With this in mind, Johanna Buitelaar-Warden, founder of online retailers Lords and Labradors, has shared five key tips for gardeners on how they can still prevent those pesky pests but with their pet in mind.
And she also has some warnings about common garden plants, saying: "Before we talk about pest control, it is important to be aware of the plants or flowers that are particularly hazardous to dogs. Lilies, daffodils, peonies, tomato plants and hydrangeas are all toxic to your dog. Before buying or planting anything in your garden, you should check the toxicity to your pet to avoid any unwanted trips to the vet. If your dog ingests any of these, look for common symptoms of poisoning such as vomiting, lethargy, breathing changes and diarrhea. Pesticides can be extremely toxic to your dog, but there are many natural and pet-friendly ways to deal with garden pests."
Here's what she suggests.
Scatter crushed eggshells around your plants. This will deter any slugs from eating your plants and flowers. Eggshells are not considered nutritious to your dog; however, they are completely harmless if ingested. As they are usually a kitchen staple, this is also a particularly cost-effective way to keep your garden in check.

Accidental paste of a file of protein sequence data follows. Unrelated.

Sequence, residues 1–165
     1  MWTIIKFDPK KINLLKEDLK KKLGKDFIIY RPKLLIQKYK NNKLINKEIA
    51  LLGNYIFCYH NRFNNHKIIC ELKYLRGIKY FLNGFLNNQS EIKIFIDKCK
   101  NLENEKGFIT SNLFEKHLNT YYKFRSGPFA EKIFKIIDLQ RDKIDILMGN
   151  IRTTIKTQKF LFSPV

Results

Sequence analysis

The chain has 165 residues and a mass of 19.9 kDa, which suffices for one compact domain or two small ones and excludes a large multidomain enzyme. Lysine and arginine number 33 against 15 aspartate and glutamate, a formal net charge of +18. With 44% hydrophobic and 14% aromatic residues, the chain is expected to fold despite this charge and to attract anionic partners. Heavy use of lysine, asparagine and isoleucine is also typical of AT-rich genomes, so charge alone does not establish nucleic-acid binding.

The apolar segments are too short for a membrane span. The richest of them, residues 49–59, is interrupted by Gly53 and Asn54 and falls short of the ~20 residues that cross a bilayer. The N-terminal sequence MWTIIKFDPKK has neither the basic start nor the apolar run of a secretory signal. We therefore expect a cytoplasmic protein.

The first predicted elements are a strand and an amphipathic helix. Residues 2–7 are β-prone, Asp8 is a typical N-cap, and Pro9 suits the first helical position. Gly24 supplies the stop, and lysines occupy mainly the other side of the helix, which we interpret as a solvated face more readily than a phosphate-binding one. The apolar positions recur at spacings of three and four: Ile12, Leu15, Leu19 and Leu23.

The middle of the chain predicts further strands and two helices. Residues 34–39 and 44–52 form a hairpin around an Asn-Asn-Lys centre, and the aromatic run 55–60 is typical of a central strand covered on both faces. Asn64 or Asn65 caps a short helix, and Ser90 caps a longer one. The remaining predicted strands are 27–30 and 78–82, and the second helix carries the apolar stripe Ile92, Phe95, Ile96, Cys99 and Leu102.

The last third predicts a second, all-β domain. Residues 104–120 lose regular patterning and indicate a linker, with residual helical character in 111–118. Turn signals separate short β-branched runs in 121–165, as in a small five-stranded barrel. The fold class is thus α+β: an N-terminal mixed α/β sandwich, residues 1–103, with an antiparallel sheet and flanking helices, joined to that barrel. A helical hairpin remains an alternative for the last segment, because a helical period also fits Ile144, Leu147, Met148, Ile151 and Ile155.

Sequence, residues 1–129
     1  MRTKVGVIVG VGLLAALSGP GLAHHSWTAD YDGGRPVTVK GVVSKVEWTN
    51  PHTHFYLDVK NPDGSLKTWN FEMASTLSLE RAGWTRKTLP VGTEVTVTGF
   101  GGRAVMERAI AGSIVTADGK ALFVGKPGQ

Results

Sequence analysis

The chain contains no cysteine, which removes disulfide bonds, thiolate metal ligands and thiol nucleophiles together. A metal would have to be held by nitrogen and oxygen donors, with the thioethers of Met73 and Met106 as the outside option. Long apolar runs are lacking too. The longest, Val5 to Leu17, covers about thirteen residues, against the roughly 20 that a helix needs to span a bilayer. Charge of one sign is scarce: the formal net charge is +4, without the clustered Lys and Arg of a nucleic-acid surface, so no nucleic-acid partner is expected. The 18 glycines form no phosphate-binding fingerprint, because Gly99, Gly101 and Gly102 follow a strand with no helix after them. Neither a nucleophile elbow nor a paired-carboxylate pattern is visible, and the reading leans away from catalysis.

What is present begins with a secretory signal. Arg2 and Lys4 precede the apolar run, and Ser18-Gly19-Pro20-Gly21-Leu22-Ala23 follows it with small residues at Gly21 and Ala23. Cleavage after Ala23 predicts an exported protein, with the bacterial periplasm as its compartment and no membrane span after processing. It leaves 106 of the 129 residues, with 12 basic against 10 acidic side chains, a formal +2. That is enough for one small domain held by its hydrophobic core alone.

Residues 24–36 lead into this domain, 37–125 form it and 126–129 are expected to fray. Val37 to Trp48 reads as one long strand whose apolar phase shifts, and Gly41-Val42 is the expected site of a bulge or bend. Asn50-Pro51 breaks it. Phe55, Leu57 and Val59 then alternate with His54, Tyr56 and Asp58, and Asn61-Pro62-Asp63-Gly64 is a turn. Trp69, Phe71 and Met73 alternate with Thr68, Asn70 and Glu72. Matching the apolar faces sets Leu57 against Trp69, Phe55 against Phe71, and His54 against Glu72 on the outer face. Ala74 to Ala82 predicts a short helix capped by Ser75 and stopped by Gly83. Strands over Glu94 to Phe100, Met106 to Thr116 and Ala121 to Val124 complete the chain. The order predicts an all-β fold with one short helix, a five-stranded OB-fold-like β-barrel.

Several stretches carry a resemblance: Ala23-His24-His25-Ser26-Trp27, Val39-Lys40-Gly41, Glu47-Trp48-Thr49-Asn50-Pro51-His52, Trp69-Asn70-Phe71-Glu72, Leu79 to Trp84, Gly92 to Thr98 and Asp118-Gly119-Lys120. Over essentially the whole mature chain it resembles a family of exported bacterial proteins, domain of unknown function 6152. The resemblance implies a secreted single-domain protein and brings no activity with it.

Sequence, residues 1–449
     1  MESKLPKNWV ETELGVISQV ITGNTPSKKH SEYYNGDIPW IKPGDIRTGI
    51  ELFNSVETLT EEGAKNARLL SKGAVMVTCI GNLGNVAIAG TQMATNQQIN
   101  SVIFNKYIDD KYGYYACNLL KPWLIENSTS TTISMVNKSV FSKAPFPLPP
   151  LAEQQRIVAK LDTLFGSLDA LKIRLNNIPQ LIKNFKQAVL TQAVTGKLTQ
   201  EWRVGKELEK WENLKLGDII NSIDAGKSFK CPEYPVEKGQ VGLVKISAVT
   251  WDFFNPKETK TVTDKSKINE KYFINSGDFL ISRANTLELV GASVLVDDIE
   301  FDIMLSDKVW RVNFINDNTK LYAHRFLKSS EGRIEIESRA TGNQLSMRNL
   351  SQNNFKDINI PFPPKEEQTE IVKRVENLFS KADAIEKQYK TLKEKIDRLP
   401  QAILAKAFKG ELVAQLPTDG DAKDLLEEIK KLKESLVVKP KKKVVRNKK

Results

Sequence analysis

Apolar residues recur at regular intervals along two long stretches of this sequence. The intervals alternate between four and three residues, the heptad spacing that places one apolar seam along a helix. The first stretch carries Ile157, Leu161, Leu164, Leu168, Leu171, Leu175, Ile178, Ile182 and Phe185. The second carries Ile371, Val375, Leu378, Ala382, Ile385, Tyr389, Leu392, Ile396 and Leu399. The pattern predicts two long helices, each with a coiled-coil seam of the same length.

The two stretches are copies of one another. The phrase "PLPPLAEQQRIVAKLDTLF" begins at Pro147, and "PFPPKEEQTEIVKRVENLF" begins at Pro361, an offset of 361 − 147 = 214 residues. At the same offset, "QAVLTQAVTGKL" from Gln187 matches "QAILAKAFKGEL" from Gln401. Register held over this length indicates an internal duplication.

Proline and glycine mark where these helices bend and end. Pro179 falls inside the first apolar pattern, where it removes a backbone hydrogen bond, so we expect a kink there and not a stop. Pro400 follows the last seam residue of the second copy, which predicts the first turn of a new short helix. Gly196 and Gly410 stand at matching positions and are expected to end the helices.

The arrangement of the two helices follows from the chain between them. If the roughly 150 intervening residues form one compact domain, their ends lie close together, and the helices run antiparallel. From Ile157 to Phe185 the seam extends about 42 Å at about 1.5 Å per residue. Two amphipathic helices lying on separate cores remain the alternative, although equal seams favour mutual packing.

Although some dogs tend to chase or bark at birds, they may be a brilliant way to deter pests from your garden. Introducing a bird table will mean that some of those plant-eating insects will be eaten by the birds before they can do any damage. Hedgehogs are also brilliant for eating slugs, beetles and caterpillars. Having long grass or heavy undergrowth under any bushes will encourage hedgehogs to make your garden their home. However, this is only suitable for dog owners who know their pet won’t take much interest in hedgehogs. Biting or touching a hedgehog could mean another trip to the vets.
Hollowed out grapefruit
Placing hollowed out grapefruit around your planters will attract any bugs that are making a beeline for your plants. Trapping them in there is a great way to naturally dispose of plant-eating beetles. Grapefruit flesh is not toxic to your dog, so if they happen to lick or eat any leftover flesh, they will be just fine.
Avoid using grass seeds
Grass seeds are extremely toxic to dogs if ingested. Some dogs even need an operation to remove grass seeds from their stomach. You can opt for some great natural alternatives when trying to grow your lawn. Surprisingly, dog urine is a concentrated fertiliser for grass. However, this is only true if diluted. As soon as you spot your pooch going to the toilet, use a hose to water it down.
Encourage some insects
Not all insects are looking to damage your plants and garden. Some, like hoverflies, are predators to some of those pests. They are also brilliant for pollinating your flowers, encouraging your garden to flourish. You can introduce hoverflies into your garden by planting daisies, as these are particularly attractive to them.